Often referred to as sponsored content, native advertising is paid media promoting a brand that is situated to emulate editorial or ‘natural’ content on a media site.
Native is hot. The largest social platforms in the world have long monetised with native ads, including Facebook, Twitter, Instagram and Tumblr. Over the last five years, the publishing industry has increasingly followed suit, as companies like Time Inc., Forbes, The Wall Street Journal and The New York Times have integrated native ads into their desktop and mobile environments.
Native ads are lighting up both performance metrics and ad budgets. According to eMarketer research, consumers are 25 per cent more likely to look at them than standard banners, and they register 18 per cent higher lift in purchase intent. It’s no wonder eMarketer is predicting that spending on native ads will reach $5.7 billion in the US alone this year.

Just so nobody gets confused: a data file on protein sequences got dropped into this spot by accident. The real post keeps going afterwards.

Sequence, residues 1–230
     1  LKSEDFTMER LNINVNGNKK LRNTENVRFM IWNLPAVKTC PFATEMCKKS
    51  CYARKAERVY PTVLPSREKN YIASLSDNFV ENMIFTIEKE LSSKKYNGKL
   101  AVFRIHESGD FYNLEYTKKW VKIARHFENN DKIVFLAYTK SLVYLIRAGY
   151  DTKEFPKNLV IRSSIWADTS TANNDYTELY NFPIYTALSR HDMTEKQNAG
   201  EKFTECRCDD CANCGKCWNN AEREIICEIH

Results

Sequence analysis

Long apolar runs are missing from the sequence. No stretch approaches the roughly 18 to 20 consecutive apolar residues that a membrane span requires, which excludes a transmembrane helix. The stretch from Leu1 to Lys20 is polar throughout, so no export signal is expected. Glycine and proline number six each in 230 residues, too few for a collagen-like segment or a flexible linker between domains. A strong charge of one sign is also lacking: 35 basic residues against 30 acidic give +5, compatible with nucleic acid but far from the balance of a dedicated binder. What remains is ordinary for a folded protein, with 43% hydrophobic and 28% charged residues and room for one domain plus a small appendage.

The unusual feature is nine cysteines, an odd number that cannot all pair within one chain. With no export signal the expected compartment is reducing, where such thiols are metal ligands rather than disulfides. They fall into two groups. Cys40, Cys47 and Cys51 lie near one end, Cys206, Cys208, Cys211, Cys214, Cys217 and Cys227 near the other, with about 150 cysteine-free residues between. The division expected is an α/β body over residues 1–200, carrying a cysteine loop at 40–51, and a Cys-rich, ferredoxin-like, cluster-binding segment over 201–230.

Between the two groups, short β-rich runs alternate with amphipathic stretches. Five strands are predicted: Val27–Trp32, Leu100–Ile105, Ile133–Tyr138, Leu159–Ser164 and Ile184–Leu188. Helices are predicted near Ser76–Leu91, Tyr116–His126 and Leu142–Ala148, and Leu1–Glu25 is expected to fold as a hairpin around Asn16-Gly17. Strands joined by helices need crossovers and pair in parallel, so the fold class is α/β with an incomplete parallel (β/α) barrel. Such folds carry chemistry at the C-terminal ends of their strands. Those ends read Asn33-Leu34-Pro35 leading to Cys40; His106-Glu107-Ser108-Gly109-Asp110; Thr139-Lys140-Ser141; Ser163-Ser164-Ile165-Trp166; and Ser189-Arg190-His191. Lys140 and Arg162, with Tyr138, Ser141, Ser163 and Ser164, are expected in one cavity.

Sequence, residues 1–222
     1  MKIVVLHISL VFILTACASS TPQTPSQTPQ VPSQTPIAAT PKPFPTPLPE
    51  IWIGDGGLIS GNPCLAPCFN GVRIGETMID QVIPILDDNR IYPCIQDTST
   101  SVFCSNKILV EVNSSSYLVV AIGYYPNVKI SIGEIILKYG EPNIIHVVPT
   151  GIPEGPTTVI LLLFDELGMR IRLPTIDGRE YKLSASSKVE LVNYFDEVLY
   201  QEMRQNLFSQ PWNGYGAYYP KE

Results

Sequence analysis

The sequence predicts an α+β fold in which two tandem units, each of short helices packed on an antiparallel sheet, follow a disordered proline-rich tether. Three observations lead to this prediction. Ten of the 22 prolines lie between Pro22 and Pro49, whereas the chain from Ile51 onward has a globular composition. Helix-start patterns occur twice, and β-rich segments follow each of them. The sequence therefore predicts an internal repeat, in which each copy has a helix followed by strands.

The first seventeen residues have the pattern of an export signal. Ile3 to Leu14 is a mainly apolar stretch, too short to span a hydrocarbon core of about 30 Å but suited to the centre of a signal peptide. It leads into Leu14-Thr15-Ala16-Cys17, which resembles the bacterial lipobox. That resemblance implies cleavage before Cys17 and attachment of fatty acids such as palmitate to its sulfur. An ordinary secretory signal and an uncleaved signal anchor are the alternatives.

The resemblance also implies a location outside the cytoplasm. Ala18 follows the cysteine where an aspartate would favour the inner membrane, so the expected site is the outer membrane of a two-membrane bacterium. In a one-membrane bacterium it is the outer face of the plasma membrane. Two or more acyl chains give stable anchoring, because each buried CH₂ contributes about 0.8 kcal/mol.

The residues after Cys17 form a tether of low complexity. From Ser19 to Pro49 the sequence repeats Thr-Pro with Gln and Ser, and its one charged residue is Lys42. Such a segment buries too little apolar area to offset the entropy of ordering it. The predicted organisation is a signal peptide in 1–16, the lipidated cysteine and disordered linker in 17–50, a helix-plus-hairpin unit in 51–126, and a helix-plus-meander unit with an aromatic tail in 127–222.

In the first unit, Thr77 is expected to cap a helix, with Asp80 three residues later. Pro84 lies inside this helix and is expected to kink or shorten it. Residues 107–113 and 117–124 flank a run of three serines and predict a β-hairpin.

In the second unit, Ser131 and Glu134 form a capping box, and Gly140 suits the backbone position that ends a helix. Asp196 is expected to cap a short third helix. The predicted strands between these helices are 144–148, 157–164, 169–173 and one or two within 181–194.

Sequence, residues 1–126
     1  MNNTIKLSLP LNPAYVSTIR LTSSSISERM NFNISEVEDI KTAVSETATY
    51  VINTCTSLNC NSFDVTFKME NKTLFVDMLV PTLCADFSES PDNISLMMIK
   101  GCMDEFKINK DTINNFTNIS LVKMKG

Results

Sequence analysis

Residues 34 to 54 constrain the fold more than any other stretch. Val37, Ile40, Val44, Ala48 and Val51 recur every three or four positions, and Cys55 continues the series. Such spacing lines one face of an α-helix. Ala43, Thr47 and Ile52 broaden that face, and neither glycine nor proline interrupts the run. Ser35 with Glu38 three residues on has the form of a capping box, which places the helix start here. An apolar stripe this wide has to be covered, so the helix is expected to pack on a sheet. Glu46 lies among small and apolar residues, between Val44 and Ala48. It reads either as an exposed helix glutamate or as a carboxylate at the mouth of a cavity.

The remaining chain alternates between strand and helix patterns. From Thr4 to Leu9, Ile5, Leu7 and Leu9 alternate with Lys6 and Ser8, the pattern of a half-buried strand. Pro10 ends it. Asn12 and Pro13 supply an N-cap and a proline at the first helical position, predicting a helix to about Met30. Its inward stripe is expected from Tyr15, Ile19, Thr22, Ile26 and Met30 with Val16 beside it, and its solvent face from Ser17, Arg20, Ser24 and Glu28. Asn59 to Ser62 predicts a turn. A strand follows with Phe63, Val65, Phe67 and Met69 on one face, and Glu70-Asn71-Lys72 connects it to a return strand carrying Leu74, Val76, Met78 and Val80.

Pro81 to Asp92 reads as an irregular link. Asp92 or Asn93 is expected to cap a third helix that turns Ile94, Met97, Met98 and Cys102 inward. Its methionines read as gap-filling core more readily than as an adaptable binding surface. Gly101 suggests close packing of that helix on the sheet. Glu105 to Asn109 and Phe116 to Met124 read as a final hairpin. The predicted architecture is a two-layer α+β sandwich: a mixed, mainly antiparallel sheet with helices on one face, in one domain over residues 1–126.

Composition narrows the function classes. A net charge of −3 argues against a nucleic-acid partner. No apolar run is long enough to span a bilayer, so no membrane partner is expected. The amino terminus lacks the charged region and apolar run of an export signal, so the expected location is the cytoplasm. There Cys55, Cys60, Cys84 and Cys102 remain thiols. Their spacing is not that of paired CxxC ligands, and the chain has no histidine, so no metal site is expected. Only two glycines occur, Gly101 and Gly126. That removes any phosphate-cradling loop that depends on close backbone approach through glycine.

‘Traditional digital advertising has become wallpaper. It doesn’t improve anyone’s experience on a site, and readers, myself included, pretty much look past it. … Brands that have a strong point of view and great partners to help them express it can enjoy massive engagement [with native],’ GE’s head of media strategy, Jason Hill, told eMarketer.
And consumers have quickly gotten used to finding native ads throughout their favorite publisher sites – after all, 70 per cent of people say they’d rather learn about products through content rather than through traditional advertising.
Native advertising will continue to expand and evolve. These changes will alter the appearance, performance and adoption of native ads, better serving publishers, advertisers and consumers.